• I am going to be 87 and was born in Brooklyn women’s Hospital. My preteen years we lived on Watkins. Between Lott and New Lotts Aveue. My dad had 4 brothers and 2 sisters and most of them lived on the street. It was easy to find a Hirschenson on that block. Went to P.S 184. Later we moved to Blake Avenue and went to p.s. 109. Then on to Thomas Jefferson. Going to the Pitkin movie house for 2 films and a vaudeville show was a adventure, especially when my mother packed a great treat for us to eat. Is there any one from my old neighborhood reading this. I would love to make contact.

  • Hi Ralph,

    Lots and lots of people made great successes of their lives after growing up in Brownsville. Our parents instilled in us the secret to that success…. EDUCATION. And they were 100% right. I’d like to believe it was a Jewish cultural thing but we didn’t have a monopoly on education as a cherished value. I think that any kid who could go through the torture of studying for his bar mitzvah and learning to read a language he would never understand… was destined to find higher education significantly easier. At least it showed you you could do anything you put your mind to.

    You can still go back to Brownsville SAFELY. Just open a Google Map program and you can easily move down each and every block and see how things have changed. And change they did. Please keep in mind that the homes we lived in when we left were over 50-years old and in need of many, many expensive upgrades. Those homes were sold to people who just couldn’t keep them up and they caught fire like crazy… no doubt for insurance purposes. Then again, the neighborhood was definitely “red lined” for demolition and rebuilding that that surely happened.


    Roger Elowitz

  • Hi Eugene,

    Is there any chance you were in the 9th grade in 263 in 1956? I was in class 9-2 and there was a kid in my official class whose name was Alan Berg. Anyone you knew?

    I certainly remember the old Department of Health Station. Believe it or not… IT’S STILL THERE! It faces what used to be the playground and garden plots for PS 175. You can see what the Health Station looks like (unchanged) if you go to this website: Just click on this link>

    I also went to 175 and JHS 66 and had Dembo as my science teacher and Heifetz for my bar mitzvah teacher before I quit. I wasted many years of my life at the HES and even studied classical guitar there with Basil Cimino when I wasn’t bruising my knuckles on the gym’s punching bag or running around the gym track. Dembo ran lots of dances there.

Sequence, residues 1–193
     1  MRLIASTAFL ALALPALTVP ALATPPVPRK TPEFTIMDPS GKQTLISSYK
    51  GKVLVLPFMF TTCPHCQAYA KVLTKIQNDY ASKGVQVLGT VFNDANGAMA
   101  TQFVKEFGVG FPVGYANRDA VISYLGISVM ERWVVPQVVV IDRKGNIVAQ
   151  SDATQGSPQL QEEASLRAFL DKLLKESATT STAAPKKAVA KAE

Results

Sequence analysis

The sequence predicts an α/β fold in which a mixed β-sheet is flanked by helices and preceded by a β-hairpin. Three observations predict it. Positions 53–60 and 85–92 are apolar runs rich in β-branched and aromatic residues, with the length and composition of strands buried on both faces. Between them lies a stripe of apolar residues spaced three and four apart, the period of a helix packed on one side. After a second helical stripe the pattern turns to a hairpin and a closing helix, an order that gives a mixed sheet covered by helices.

Roger Elowitz
    Marlboro, NJ and Port St.Lucie, FL

  • what a wonderful place to grow up.I lived on bristol st near livonia schools were mPS 183 and PS 175.I was lucky enough to pass the test for stuyvesant HS.we lived in brownsville until 1957 and moved to flatbush.we needed a ground floor apt for my mom.I was never afraid to come home late at night and walk down dark streets.the boys on my block went to yale law school,ccny,brooklyn college and the brooklyn college of pharmacy LIU.sad very sad to see it now.sometimes I feel I could walk down one of the streets,but I become fearful. sad indeed

  • Does anyone remember the Health Station on Bristol Street between Dumont and Blake? There was a luncheonette on the corner of Bristol and Dumont, right across the street from Betsy Head Park…my mother owned that luncheonette. I went to PS 175 had Mrs. Kuller, Ms. Sweeny, Mr Weintraub Dorothy Sirota twice (who bought I new Cadillac car every single year), (wealthy husband). Studied with Heifetz also went to the HES knew the Warshafsky’s who owned the jewelry store on Hopkinson, Had Adoph Dembo at David Marcus etc., etc.

  • Hi Stu,

    Here are a few more notable graduates in alphabetical order) from Thomas Jefferson… many became quite famous:

    • Ralph Bakshi, animator
    • Sandy Baron, comedian and stage, film, and television actor
    • Roy C. Bennett, popular music composer
    • Lloyd Blankfein, CEO of Goldman Sachs
    • Riddick Bowe, boxer
    • John Brockington, Ohio State Buckeyes’ 1968 undefeated national championship football team; running back for the NFL Green Bay Packers
    • Dorian Daughtry, American baseball player and criminal
    • Shawon Dunston, major league baseball player[6]
    • Leroy Ellis, former NBA center, 1971–72 Los Angeles Lakers championship team
    • Sylvia Fine, lyricist
    • Jack Garfinkel, former Boston Celtics player
    • Hy Gotkin, basketball player
    • Sidney Green, NBA player